STORKOW, Germany — On July 26, when President Trump unexpectedly tweeted his plans to ban transgender servicemen and women from the U.S. military, Anastasia Biefang was more than 4,000 miles away from Washington. Still, she could not hide her shock.

“It felt like a smack in the face,” said the 43-year-old German army officer, who is the first transgender person to command a military unit in the country's history.

Biefang joined the German army as a man more than 23 years ago. Two years ago, despite fearing negative repercussions for her career, she came out to her superiors and eventually to her entire unit. Her decision to transition from male to female coincided with an unprecedented openness among top military officials in Germany, the United States and other countries to having transgender troops serve openly.

Since then, the United States and Germany have taken dramatically different turns. Biefang, now a lieutenant colonel, commands an information technology unit of more than 700 soldiers, and the Bundeswehr, Germany's military, heralds her as a national role model. She is the first transgender commander in a force headed by a defense minister, Ursula von der Leyen, who has made support for transsexual and homosexual personnel a top priority.

“People who hold fears aren’t able to give their very best. We can’t afford that,” von der Leyen said in January. She largely echoed similar remarks by then-U.S. Defense Secretary Ashton B. Carter, who explained the decision to drop the American ban on transgender military service in 2016 by saying that “our mission — which is defending the country — has to come first.”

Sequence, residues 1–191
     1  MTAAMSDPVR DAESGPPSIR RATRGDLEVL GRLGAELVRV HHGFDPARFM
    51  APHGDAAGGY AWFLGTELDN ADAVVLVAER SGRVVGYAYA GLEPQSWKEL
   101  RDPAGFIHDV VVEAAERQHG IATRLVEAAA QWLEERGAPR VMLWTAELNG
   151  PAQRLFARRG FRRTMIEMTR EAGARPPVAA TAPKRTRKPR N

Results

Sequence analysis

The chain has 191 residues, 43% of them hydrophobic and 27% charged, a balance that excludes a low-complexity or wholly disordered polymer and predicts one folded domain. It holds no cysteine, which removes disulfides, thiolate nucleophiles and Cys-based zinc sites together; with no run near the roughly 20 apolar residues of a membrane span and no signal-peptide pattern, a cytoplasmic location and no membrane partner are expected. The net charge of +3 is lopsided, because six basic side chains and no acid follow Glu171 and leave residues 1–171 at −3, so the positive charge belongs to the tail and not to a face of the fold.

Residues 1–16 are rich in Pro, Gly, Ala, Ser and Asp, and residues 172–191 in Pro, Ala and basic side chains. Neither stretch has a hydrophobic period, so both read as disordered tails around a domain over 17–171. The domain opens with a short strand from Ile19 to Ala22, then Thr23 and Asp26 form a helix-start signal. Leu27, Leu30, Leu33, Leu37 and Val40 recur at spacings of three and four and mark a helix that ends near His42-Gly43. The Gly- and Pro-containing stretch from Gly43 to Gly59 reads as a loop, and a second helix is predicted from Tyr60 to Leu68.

Trump came to a different conclusion.

In his July tweets, the president argued that “tremendous medical costs and disruption” were behind his decision to reinstitute the ban on transgender servicemembers — though a federal judge in Washington blocked Trump's policy last month, writing that there is "absolutely no support for the claim that the ongoing service of transgender people would have any negative effect on the military at all."

Trump’s battle to ban transgender servicemen and women is also feeding into a growing perception in Germany that Europe can no longer trust the United States as a reliable partner that shares its values. And while estrangement between Washington and its European allies partially dates back to the Iraq War, it has gained new momentum in the era of Trump.

In May this year, German Chancellor Angela Merkel offered a particularly blunt rebuke of Trump, saying that the days when her continent could rely on others were “over to a certain extent." Merkel demanded in the same speech that Europe “really must take our fate into our own hands.”

At least 18 countries allow transgender service members to serve openly, including ten NATO members: the Netherlands, Norway, Belgium, the Czech Republic, Denmark, Estonia, Britain, Spain, France and Germany. Their overall assessment is that allowing transgender service members to serve openly can be an advantage to their armed forces, according to a Rand Corp. report released last year. “None of the militaries that we examined reported a negative impact on the operational effectiveness, operation readiness, or cohesion of the force,” said political scientist Agnes Gereben Schaefer, who co-wrote the study.